Analysis: The Bear Came Over The Mountain

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To get further into Munro’s ideas of how relationships and marriages can get damaged, the main topic to be discussed is infidelity. Upon reading The Bear Came Over the Mountain, the reader understands that infidelity is the main symptom of the problems within a relationship. The short story deals with Fiona's descent into forgetfulness as she ages. Munro doesn't come right out and tell us that it is Alzheimer's; instead, she lets us make our own decision regarding Fiona's ailment. We read that over the years, Grant has been frequently unfaithful to Fiona. Although we are not given a particular reason as to why, Munro tells us that Grant insists he never dreamed of leaving Fiona. He chooses to indulge his sensual desires while remaining (on…show more content…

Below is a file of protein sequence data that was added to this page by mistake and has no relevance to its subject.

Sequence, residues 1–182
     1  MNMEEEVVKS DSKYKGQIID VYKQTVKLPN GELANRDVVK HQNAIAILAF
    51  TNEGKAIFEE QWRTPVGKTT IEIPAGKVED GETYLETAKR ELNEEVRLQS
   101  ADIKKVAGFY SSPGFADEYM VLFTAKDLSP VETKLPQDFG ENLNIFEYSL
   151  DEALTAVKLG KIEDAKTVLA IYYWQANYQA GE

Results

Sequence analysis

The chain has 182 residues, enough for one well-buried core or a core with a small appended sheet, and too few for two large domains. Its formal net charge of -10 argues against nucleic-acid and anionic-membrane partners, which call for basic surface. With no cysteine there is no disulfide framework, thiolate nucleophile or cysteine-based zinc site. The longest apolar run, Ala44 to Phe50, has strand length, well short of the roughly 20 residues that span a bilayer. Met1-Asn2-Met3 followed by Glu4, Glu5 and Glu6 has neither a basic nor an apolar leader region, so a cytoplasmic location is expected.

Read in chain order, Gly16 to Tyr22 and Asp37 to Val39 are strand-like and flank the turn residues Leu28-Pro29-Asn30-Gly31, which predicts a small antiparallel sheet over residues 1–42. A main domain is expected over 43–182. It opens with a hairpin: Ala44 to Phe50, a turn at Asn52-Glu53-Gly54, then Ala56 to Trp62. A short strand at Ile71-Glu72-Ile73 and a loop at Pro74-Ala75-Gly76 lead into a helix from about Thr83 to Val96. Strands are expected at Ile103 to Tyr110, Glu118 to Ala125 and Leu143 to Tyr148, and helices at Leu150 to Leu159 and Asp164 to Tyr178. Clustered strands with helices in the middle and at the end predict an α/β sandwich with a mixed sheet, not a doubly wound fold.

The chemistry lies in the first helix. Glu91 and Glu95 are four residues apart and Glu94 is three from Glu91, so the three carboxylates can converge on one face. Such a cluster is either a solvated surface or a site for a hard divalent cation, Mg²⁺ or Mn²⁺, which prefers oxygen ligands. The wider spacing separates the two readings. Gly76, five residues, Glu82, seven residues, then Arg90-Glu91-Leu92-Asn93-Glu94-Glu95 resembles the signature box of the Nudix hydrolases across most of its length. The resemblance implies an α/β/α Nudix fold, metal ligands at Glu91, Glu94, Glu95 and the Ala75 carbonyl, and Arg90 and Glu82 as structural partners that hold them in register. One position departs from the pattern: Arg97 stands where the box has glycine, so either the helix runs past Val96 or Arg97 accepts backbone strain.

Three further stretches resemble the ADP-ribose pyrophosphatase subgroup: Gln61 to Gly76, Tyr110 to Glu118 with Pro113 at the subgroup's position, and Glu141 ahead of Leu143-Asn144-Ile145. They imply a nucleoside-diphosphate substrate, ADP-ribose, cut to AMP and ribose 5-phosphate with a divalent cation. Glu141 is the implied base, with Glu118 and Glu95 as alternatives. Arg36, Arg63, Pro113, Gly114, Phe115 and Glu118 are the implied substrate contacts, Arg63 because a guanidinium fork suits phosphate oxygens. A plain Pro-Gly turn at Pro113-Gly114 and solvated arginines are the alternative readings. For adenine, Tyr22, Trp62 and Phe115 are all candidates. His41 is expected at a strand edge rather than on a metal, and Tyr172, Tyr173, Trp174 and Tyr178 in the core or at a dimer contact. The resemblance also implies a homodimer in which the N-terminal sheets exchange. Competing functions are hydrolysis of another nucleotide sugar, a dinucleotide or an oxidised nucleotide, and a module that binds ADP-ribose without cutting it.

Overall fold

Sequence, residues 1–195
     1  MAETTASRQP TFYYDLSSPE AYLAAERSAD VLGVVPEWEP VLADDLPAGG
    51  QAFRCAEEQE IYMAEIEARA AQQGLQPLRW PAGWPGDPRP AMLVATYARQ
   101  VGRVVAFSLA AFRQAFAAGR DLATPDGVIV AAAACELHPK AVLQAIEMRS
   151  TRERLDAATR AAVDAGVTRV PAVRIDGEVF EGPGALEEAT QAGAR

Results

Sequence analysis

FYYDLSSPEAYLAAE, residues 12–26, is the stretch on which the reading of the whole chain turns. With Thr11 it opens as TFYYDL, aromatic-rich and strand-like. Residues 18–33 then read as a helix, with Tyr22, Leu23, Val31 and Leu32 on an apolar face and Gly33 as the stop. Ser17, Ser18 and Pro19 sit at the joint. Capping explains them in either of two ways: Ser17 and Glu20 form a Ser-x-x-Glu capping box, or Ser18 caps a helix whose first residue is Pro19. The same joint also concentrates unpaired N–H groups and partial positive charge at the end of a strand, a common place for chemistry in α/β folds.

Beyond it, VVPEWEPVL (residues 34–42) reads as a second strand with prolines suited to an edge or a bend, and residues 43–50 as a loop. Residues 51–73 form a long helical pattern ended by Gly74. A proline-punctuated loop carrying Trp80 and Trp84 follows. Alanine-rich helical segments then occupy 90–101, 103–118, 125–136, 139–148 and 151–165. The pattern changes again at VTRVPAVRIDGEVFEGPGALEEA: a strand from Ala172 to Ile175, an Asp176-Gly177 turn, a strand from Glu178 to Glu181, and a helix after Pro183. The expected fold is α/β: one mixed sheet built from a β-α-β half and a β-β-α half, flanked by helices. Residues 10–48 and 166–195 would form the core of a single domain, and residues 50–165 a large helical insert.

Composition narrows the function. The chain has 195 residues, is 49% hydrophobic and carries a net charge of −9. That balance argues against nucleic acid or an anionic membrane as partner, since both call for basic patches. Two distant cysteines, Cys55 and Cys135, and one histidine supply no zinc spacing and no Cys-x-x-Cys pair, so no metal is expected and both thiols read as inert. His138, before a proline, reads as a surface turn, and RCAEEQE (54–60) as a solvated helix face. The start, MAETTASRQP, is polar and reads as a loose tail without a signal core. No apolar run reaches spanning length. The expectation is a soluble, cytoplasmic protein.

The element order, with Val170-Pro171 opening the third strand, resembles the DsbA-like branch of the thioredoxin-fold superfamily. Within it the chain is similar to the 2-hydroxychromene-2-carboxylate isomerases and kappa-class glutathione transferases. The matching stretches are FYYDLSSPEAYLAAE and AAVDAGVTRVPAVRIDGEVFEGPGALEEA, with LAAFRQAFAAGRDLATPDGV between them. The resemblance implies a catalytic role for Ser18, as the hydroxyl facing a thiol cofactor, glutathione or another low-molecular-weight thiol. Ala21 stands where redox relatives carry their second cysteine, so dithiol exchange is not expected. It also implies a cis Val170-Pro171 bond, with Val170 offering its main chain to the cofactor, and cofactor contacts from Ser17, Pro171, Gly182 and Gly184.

He said, “Not a chance.” Fiona present to us an interesting moment of lucidity with her statement. The title of the story is based on the song The Bear Went Over The Mountain. In Munro's story, the bear has indeed come over the mountain. We may think that the other side of the mountain looks different and is perhaps more exciting, but the reality of it is that life eventually descends into old age and then death, with illness sometimes thrown into the mix. The other side is not only the same, it's often downhill and rough. It's better to stick with each other, and that's what Grant and Fiona do. In the story Post and Beam, for example, the graduate student Lionel contemplates the married life of his professor and the professor's wife, a couple he has come to socialize with on occasion: He came to see them in the evenings, when the children were in bed. The slight intrusions of domestic life—the cry of the baby reaching them through an open window, the scolding Brendan sometimes had to give Lorna about toys left lying on the grass, instead of being put back in the sandbox, the call from the kitchen asking if she had remembered to buy limes for the gin and tonic […]. (Munro, 2007:
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